Wednesday, May 17, 2006

This Bus Is Not For You

Recently we may have heard reports that the Complaint filed against the MBTA by Boston Center for Independent Living, (BCIL) was settled successfully and discrimination against persons with Disabilities, (PWD's)would end. In meetings I heard that the MBTA had agreed to take steps to insure folks who use wheel chairs, walkers and service animals wouldn't be trapped underground when they arrive at a station with the elevator out of order. This happened to me once, and I assure you it is no fun. I arrived at Park St on the Red Line, and took the elevator up to the Green Line level, only to find the elevator to the street inoperable. I had no choice but to return home, as finding a way around this barrier would make me hopelessly late for my meeting.

For some reason the MBTA has been slow to understand that folks with physical, mobility disabilities, who work, have doctors apointments, attend meetings, etc, expect to be able to use public transportation to get there. from my observations, the MBTA has been content to simply change a service, or shut down a service, sometimes without notice, as a solution to operational and maintainence problems, without access around the barrier that is created by this. "Sorry, the elevator is not working." is the total message I recieved. Gee. Now how do I get to where I am going?

After repetedly trying to work through access issues with the MBTA, and not being able to get the MBTA to resolve this continued denial of service, the BCIL filed a complaint against the MBTA. The complaint has settled, and the MBTA has agreed to stop dening service based on disability. However, my expierienc last week shows that the MBTA still doesn't "get it!"

Last week I was denied service by four MBTA bus drivers on the #1 line, the "Mass ave bus." Each of these drivers stated that it was only at their discresion if a person with a disability brings their service dog onto the bus with them. They stated that this was the MBTA's policy. One driver refused to allow entry to the bus,slamming the doors shut, and pulling away prematurely, leaving me standing in the pouring rain, one driver took my fare, then, because the bus was crouded, and I needed to enter the reay, slamed the doors on my dog's nose, and left me behind, driving away with my fare in hand. A witness has come forward in this incident.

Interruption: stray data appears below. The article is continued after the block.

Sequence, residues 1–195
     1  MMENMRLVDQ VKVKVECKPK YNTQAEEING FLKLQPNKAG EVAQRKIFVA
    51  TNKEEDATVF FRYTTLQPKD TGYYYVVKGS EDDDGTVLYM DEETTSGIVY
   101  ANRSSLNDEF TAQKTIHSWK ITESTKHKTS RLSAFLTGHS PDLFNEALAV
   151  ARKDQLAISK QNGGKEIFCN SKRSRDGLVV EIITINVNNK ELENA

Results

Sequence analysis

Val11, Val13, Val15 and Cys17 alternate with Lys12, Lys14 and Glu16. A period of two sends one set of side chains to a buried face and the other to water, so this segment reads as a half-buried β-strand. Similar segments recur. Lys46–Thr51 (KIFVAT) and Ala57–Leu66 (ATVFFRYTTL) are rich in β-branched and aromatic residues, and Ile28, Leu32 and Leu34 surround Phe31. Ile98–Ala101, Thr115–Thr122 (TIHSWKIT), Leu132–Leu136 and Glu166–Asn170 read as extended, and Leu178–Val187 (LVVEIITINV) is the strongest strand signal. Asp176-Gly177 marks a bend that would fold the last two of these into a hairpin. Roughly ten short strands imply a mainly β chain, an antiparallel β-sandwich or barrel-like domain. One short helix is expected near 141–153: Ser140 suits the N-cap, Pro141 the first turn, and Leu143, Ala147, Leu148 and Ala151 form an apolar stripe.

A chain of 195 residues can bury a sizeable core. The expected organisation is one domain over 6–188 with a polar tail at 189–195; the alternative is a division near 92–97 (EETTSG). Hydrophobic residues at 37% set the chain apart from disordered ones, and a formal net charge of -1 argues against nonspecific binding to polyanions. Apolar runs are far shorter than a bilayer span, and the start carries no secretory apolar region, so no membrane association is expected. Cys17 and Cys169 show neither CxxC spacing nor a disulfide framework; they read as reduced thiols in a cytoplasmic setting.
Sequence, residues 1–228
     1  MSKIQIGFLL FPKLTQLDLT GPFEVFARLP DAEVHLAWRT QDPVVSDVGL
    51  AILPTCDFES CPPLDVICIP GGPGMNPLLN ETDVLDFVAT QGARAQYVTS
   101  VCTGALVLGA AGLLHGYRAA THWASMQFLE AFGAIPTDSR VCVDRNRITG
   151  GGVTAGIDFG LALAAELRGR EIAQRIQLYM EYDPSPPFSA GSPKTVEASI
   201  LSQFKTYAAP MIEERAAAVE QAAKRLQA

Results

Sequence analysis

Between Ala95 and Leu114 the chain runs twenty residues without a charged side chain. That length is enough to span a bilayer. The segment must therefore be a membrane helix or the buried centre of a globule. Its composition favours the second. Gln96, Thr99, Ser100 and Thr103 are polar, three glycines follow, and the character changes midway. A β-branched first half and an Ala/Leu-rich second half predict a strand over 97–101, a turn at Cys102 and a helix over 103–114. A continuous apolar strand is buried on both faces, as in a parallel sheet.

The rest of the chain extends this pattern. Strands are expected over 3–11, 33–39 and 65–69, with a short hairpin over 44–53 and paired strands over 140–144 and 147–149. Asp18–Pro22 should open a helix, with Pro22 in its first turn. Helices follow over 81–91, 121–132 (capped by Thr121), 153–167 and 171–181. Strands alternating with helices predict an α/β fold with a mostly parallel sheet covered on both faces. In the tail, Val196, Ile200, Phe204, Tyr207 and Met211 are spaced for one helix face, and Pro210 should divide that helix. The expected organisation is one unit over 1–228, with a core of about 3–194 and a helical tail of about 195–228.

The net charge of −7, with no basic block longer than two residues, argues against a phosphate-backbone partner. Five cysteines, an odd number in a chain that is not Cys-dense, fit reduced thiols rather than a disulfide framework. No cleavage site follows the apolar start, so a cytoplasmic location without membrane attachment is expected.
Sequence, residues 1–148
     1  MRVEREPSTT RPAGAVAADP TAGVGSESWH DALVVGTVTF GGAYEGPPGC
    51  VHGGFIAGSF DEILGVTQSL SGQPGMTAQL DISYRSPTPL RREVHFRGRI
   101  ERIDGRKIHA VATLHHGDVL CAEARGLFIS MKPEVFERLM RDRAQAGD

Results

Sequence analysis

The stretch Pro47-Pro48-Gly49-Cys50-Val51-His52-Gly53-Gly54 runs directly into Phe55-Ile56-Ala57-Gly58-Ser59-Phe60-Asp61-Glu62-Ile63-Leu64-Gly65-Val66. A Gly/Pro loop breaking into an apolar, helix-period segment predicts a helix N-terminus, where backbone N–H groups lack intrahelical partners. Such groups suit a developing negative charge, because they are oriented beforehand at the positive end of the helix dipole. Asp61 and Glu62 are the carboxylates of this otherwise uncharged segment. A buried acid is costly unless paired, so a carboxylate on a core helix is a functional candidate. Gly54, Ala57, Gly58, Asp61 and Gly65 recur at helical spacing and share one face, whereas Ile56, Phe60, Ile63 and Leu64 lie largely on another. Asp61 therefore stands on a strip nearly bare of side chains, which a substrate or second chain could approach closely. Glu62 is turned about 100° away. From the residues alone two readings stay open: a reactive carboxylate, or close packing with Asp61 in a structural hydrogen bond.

In another incident, Tuesday May 9th, the driver refused to drive with me on the bus, and all the passengers were removed, while the "inspector" tried to find out the "proceedures." I was informed that a "disabled person cannot have a service dog on the bus, unless it has either a red or a yellow collar!" LOL I must tell you, that is NOT the Law! So, I politely explained the fed ADA service dog law to him. he then made another phone call, and l;ucky for me, he came back and apologised, and said I was right. He then helped me to take the next bus that came alone. Time for me to catch a bus to Harvard Sq, approximately one hour! I was not so lucky in the fourth incident, when the driver of bus #2259 decided to lock me up inside the bus and call the police. My crime? She was angry that I had provided another passenger, who uses a wheelchair, with the name and address of Mass Commission Against Discrimination. A third passenger, who lent me the pen, was not harassed, and he was not disabled, either. When the police arrived I asked if I was free to go, and they said yes.

The purpose of this report is to inform folks of the responsibility of the MBTA to provide service to all their customers. The MBTA must provide training so individual bus drivers do not discriminate against persons based on their disability. The real issue here is the Civil Rights issue, which the MBTA seems not to understand. They mistakenly believe that treeting Persons With disabilities the same as other folks is the way to stop discriminating. In fact that is a gross misunderstanding. What the MBTA must do is "identify barriers" that prevent folks with disabilities from access to the MBTA, and take appropiate steps to "remove those barriers."

What are barriers? Well, some are architectural, like steps, or seats; some, according to the dept of Justice, (DOJ) are "barriers in the general environmnet" like a "no pets allowed" sign; but the most serious barriers folks run into are referred to by the DOJ as "attitudinal barriers."

The MBTA needs to look at it's attitude toward persons with disabilities, and begin a comprehensive program to address the latent bias directed at those who's abilities make access to the MBTA impossible without the removal of the barriers.

I might add, as an observation of common sense, that the new million dollar busses, with the low floors, are useless unless the drivers slow down, and "curb the bus" so the purpose of the low floor can be realized.


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